What is the Dark Web?
The dark web refers to encrypted online content that is not indexed by conventional search engines. Also known as “darknet”, the dark web is a component of the deep web that describes the wider scope of content that does not appear during regular Internet browsing activities.
Specific browsers like Tor are required to access dark websites, which contain anonymous message boards, online markets for medicines, exchanges of stolen financial and private data and other illegal content. Transactions in this hidden economy are often paid for with bitcoin, and physical goods are routinely shipped to hide buyers and sellers from law enforcement.
How Dark Web Works
The dark web has become an online market for illegal goods. Many innovations from legitimate online sellers like Amazon and eBay, such as customer reviews and seller ratings, have been adopted to facilitate sales of black market items.
The dark web attracts users who seek anonymity when doing business. The intentions can be noble, as with journalists seeking to interview citizens of repressive countries, where communications are monitored. Conversely, the anonymity of the dark web attracts criminal actors such as drug traffickers, hackers and child pornography dealers. There is also a growing service economy in the dark web in which contract killers and other illegal agents advertise their services in a way that they could not go through traditional channels.
Dark Web vs. Deep Web
Dark canvas and deep canvas are often misused interchangeably. To clarify: the Deep Web includes all pages that do not appear when you perform a web search. This covers everything that requires a connection, such as personal emails, online banking or other similar sites. Conversely, the dark web relies on encryption to keep irrefutably harmful content anonymous.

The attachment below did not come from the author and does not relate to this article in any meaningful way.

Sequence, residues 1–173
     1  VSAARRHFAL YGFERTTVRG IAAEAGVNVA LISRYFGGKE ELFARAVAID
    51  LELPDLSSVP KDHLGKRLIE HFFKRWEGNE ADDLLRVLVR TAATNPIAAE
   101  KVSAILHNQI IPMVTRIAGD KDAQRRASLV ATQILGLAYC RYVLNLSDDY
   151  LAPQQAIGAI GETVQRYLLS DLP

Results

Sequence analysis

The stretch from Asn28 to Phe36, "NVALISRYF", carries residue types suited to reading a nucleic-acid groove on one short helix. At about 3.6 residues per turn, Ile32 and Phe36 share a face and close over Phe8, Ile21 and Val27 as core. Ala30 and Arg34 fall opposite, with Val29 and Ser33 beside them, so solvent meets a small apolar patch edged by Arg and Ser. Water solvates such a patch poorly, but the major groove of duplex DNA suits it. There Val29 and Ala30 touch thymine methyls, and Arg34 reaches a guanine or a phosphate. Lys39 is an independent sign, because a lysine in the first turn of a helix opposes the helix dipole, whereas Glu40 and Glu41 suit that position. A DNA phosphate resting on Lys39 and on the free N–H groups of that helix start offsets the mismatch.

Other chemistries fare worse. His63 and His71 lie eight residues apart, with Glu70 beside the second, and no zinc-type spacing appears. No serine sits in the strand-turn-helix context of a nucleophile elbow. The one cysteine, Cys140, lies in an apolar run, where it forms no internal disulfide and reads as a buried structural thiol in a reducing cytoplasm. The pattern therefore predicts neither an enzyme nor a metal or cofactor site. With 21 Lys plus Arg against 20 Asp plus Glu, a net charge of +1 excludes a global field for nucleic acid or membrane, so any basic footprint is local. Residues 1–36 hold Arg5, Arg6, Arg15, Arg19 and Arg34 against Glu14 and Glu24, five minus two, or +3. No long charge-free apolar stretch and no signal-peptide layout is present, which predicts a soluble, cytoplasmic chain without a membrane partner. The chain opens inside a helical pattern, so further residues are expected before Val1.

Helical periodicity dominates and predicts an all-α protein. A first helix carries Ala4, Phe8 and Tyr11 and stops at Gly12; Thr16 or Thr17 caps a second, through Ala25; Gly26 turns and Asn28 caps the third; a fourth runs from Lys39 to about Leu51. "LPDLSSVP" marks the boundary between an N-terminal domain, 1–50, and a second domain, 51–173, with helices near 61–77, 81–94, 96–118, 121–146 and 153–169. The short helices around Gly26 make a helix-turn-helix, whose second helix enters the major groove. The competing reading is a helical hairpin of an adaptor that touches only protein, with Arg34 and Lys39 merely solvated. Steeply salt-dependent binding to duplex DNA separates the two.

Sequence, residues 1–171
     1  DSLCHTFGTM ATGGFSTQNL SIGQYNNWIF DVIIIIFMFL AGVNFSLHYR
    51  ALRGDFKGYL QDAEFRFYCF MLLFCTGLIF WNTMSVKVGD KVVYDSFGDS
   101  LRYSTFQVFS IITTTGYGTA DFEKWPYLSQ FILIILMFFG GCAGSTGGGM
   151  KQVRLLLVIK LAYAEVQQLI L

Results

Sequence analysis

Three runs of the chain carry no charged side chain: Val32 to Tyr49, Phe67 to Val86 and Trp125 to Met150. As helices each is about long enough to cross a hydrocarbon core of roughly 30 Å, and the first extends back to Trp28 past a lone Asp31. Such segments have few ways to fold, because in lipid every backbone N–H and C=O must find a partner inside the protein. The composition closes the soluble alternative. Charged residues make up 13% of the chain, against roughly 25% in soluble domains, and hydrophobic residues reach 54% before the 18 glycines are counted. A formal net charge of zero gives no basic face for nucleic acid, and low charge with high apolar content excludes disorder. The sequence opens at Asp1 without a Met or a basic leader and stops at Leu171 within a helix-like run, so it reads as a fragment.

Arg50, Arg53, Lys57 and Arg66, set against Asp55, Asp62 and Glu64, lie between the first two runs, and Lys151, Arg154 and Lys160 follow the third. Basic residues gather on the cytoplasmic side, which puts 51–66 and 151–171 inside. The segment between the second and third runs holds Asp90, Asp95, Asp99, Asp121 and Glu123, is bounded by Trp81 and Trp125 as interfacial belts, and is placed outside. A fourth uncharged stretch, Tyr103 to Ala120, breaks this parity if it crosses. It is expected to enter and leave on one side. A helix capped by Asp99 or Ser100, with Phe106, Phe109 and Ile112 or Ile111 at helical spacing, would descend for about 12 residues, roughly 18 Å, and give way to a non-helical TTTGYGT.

The Size of the Dark Web Economy
In 2020, the Economist reported that the drug activity fueled by the dark web increased from around $ 17 million in 2020 to about $ 180 million in 2020. However, these are just estimates, because the very nature of the dark web makes it difficult to accurately assess the economy it supports, including sales of firearms and other illegal transactions.
Regulate the Dark Web
Regulators have struggled to curb the activity of the dark web. After the popular dark web drug market known as Silk Road was suppressed by the FBI in 2020, Silk Road 2 appeared and immediately flourished, until the FBI and Europol closed it in 2020 However, Silk Road 3 emerged soon after.
In addition to the difficulty of closing the dark web markets, the technology has evolved to the point where the open source code OpenBazaar allows decentralized markets, in the same way that torrents allow decentralized file sharing. Consequently, the dark web economy continues to grow, despite the best efforts of the police.